The Pill

May 9th, 2010 was the 50th anniversary of the birth-control pill.  In a historical context, it gave women options for social and economic reasons.  It meant freedom for women to make private decisions regarding reproduction.

Alexandra Frean of The Times interviewed Claudia Goldin, who is a economic professor at Harvard University. In the article, Goldin states: “In the late 1960s the median age of marriage was 23. In the next seven years it went up to almost 26. That’s enough time to enable a woman to get that law degree or MBA or complete her medical training, safe in the knowledge that pregnancy is not going to derail her career.  Employers and college admissions officers changed their views of what women were capable of.”

The pill’s introduction in the 1960’s raised the number of women that entered the workforce.  Today, women represent more than half of college graduates.

In 1975, Loretta Lynn’s song titled The Pill was very controversial and some radio stations refused to play it. The lyrics tell a woman’s story upset over her ongoing pregnancies but happy to finally gain control.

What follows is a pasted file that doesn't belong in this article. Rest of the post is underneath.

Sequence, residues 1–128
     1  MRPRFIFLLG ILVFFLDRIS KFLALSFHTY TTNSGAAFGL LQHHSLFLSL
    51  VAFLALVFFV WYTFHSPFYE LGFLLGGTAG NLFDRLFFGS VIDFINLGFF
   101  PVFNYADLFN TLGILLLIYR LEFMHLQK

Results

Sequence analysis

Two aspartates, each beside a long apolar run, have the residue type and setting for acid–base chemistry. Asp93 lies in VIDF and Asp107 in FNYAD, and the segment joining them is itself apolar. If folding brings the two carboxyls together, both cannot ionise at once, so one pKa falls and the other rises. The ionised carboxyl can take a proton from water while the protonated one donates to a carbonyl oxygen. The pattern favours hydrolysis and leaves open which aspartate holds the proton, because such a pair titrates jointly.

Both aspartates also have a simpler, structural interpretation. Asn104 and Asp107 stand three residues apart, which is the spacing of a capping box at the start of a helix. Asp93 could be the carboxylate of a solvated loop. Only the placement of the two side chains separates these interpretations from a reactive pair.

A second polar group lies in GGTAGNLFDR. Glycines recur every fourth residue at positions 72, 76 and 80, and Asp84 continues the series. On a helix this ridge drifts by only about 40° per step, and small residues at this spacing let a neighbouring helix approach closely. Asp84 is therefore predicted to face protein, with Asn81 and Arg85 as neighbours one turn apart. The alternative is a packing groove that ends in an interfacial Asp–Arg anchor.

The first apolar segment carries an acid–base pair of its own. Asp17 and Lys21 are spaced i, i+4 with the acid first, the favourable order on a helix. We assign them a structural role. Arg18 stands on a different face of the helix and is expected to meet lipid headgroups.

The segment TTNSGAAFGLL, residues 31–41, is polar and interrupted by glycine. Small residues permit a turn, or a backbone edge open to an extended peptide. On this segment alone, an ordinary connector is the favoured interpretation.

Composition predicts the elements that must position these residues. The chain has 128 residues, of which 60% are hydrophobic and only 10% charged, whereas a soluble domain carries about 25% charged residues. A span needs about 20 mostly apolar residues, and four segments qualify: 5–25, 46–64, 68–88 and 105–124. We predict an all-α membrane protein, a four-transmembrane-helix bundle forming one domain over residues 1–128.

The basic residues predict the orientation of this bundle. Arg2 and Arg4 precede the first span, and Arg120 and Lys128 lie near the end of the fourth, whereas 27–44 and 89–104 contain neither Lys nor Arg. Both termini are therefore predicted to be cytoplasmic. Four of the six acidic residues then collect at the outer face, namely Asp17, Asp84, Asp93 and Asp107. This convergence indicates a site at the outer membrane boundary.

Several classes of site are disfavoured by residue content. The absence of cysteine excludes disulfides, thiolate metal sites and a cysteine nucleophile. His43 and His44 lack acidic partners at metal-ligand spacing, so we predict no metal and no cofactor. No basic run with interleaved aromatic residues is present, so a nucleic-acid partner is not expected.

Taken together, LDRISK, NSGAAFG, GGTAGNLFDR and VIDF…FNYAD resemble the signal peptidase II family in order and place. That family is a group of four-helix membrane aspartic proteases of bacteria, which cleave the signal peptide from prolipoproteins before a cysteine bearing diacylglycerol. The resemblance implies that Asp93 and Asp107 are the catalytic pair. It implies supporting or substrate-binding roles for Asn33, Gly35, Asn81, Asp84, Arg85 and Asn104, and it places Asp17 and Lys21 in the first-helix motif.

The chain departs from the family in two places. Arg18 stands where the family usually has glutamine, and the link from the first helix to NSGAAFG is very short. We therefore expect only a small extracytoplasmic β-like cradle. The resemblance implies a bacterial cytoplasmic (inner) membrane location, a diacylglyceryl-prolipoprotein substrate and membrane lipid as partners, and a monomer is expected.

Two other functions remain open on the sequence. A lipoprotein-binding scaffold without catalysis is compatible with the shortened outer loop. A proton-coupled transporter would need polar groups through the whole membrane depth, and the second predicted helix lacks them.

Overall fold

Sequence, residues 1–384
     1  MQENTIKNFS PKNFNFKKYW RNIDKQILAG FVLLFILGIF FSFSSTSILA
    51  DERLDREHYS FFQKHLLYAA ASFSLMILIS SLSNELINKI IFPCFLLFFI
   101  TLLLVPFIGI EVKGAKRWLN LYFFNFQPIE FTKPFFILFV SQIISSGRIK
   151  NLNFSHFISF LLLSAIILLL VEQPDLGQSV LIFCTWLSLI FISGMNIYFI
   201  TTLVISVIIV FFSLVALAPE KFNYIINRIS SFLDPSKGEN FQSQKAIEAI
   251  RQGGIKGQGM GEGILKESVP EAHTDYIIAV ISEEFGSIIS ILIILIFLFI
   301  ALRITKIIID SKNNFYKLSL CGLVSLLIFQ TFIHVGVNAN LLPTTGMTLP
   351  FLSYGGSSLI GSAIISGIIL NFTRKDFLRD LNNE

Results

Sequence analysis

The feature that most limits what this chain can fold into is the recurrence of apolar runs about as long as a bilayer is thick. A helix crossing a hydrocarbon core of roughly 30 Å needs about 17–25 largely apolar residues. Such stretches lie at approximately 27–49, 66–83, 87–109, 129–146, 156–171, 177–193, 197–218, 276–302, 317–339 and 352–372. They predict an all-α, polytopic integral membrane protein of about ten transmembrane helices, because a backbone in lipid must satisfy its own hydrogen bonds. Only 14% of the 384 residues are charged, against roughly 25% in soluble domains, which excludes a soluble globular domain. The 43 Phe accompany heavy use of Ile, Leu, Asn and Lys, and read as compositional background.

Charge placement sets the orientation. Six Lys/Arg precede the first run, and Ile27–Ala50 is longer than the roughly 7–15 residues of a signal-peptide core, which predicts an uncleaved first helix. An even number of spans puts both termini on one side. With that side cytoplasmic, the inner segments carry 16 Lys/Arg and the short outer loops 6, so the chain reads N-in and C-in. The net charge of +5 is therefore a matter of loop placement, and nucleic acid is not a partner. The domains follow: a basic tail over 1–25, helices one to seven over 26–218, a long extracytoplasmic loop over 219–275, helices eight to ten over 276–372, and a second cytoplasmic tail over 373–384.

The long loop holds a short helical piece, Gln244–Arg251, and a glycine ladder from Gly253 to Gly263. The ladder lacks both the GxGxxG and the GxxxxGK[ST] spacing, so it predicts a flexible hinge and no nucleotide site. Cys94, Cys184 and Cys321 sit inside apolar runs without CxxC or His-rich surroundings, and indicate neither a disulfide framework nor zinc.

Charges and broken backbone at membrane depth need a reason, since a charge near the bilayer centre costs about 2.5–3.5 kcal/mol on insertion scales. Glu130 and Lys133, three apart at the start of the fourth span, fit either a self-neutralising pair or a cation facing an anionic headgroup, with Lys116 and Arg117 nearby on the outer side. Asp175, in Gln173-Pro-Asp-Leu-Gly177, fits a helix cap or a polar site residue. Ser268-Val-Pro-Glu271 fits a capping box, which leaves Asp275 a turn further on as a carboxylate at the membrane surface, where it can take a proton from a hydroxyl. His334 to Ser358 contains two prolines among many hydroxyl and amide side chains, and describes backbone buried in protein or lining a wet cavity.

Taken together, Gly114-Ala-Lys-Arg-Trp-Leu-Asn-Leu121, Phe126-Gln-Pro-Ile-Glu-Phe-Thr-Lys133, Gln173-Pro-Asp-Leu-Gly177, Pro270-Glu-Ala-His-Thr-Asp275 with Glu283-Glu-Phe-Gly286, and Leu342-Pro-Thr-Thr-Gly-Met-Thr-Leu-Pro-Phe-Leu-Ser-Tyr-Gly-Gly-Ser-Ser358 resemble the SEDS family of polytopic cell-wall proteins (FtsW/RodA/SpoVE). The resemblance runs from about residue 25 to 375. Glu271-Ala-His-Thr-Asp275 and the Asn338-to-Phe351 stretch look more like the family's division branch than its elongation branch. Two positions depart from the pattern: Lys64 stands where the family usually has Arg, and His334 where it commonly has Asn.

Lyrics from The Pill:

You wined me and dined me

When I was your girl

Promised if I’d be your wife

You’d show me the world

But all I’ve seen of this old world

Is a bed and a doctor bill

I’m tearin’ down your brooder house

‘Cause now I’ve got the pill

All these years I’ve stayed at home

While you had all your fun

And every year thats gone by

Another babys come

There’s a gonna be some changes made

Right here on nursery hill

You’ve set this chicken your last time

‘Cause now I’ve got the pill

Is the pill something that women today take for granted?  I believe yes for those who have access to it.  However, access to the pill is difficult for some throughout the world.  As a result, poor women who are faced with the difficulties of poverty face limited options.

The links:

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